Hmm. I don’t know that a public message board can help you here. :wink:

Do you have any ideas about the motivation of this behavior? :stuck_out_tongue:

If you really felt compelled to post in a different voice, perhaps you could just say that you’re posting in the style of X but under your own screen name. I don’t see how posting under a sock is different if it’s linked to your username except to momentarily confuse people.

Which is the answer to the point made by bbs2k above, I think.

Then why are posters allowed anonymity? Not much of a community when everyone goes around with masks on. So, one can enter the discussion with a mask but changing masks in not allowed.

And how are sock puppets caught anyway? All you need is an email address and a store bought prepaid credit card.

Sure, a poster can be anonymous from one point of view – we don’t necessarily want home addresses, phone numbers, etc to be on public view on a message board. While we want to build a community among posters, anyone can read the message boards, and we want to respect people’s privacy.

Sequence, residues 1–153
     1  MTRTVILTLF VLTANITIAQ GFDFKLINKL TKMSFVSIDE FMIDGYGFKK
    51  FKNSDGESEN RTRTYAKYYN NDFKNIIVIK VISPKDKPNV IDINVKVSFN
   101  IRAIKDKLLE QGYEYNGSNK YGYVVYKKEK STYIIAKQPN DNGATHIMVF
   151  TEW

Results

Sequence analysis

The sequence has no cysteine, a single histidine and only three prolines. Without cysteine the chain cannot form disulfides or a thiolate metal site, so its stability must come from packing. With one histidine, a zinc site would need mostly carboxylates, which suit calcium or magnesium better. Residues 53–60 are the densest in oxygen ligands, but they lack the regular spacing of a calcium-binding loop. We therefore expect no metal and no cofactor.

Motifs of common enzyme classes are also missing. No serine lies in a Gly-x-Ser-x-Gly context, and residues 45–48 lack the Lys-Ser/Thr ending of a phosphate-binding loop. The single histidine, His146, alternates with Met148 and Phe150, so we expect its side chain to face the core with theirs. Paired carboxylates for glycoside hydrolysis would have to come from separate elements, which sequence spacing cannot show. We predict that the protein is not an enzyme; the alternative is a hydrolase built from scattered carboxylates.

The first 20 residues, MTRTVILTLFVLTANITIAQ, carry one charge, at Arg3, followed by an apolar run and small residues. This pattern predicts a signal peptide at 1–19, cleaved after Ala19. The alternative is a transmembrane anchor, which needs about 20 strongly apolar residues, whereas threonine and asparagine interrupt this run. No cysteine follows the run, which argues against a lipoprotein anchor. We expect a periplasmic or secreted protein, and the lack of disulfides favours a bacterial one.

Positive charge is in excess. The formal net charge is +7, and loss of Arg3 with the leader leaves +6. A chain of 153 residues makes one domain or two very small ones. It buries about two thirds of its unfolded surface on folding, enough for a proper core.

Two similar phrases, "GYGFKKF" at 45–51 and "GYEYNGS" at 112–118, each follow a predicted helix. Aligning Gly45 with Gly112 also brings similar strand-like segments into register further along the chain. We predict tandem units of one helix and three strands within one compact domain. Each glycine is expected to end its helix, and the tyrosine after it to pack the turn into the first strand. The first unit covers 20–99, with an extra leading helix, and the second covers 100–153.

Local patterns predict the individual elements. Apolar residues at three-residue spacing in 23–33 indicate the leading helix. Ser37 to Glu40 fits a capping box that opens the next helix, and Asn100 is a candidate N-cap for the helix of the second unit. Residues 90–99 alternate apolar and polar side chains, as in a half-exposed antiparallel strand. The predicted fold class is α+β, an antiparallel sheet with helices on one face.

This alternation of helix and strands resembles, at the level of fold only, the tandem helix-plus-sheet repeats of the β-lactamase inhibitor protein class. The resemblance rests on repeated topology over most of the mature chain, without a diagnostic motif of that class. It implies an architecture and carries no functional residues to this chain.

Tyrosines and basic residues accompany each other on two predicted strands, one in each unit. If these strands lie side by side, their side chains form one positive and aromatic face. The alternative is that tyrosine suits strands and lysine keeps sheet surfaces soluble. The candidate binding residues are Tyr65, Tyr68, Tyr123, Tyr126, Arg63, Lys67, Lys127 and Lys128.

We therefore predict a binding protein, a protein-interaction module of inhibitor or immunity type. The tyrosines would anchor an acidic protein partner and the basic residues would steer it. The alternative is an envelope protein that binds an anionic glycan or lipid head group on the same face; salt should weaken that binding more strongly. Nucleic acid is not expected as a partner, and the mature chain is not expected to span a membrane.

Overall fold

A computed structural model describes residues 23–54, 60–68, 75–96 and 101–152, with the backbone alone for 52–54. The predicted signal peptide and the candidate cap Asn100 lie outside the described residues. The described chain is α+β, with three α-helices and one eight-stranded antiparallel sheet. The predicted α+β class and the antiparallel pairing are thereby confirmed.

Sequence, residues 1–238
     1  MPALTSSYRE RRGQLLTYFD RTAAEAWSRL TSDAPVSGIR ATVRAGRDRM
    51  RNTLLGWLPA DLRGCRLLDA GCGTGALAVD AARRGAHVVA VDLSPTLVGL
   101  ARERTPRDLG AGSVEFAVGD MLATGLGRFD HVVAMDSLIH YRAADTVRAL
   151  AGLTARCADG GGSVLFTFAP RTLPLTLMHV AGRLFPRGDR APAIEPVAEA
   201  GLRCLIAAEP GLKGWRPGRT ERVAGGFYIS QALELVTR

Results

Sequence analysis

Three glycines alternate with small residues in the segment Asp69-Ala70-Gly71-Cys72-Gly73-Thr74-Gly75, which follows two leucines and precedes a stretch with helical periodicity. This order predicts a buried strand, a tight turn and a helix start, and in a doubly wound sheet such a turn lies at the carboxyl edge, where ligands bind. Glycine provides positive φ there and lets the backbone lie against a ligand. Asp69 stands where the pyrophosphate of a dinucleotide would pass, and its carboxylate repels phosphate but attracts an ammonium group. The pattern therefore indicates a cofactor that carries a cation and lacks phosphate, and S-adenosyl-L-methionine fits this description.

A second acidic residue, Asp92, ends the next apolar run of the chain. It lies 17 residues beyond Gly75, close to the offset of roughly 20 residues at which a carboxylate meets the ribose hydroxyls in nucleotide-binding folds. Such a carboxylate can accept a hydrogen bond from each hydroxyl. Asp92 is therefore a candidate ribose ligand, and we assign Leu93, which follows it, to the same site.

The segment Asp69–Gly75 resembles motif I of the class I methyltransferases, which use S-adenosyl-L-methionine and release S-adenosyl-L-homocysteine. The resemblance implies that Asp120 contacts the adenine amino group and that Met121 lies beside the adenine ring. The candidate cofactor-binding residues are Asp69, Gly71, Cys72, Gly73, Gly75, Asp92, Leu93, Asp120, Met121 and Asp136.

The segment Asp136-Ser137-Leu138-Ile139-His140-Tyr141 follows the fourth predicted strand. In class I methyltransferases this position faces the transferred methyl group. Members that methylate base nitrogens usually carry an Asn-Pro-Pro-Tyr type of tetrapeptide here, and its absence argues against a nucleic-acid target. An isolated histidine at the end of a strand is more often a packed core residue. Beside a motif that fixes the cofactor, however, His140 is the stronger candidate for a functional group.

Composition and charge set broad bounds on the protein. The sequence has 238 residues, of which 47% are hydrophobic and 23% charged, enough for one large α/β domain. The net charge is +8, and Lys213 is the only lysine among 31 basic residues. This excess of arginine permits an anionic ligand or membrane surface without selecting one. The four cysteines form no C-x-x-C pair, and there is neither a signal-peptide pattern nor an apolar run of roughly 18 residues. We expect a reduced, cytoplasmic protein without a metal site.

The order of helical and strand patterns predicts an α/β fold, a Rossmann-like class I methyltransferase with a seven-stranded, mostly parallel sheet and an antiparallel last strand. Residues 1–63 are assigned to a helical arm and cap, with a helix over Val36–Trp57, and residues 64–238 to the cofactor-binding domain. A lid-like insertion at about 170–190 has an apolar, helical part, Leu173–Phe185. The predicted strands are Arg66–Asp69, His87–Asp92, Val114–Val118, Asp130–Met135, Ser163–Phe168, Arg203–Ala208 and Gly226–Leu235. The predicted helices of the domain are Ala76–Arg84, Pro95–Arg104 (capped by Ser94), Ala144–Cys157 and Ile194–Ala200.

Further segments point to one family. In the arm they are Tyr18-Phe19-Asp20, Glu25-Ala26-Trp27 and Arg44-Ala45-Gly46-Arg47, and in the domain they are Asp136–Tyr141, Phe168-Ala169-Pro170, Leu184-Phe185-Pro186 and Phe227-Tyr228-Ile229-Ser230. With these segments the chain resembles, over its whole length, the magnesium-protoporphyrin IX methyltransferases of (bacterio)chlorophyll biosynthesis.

So, yeah, we allow one “mask” if you’d like to call it that. But it’s a mask that hides identification, not personality. Many of us think we know each other quite well even if we’ve never met face to face.

And, yes, most mods have thought (often) that it would be fun to have a Halloween week allowing people to use socks, but then we decide in favor of order and longer-term community rather than chaos and momentary humor. (Back in the old days when we were on AOL and had nightly chat rooms, we did indeed have a come-under-a-new-name Halloween party at least once that I recall. It was indeed fun. But… we were dealing with half a dozen to a dozen regulars. Whole different fettle of kish.

I’d like to weigh in.

I ask that TPTB, and others give SSG Schwartz’s post an open mind and hearing.

I think it’s a brilliant idea.

I would simply add there there are more compelling reasons other than “…days in which I don’t feel like being SSG Schwartz…” to want to be a sock.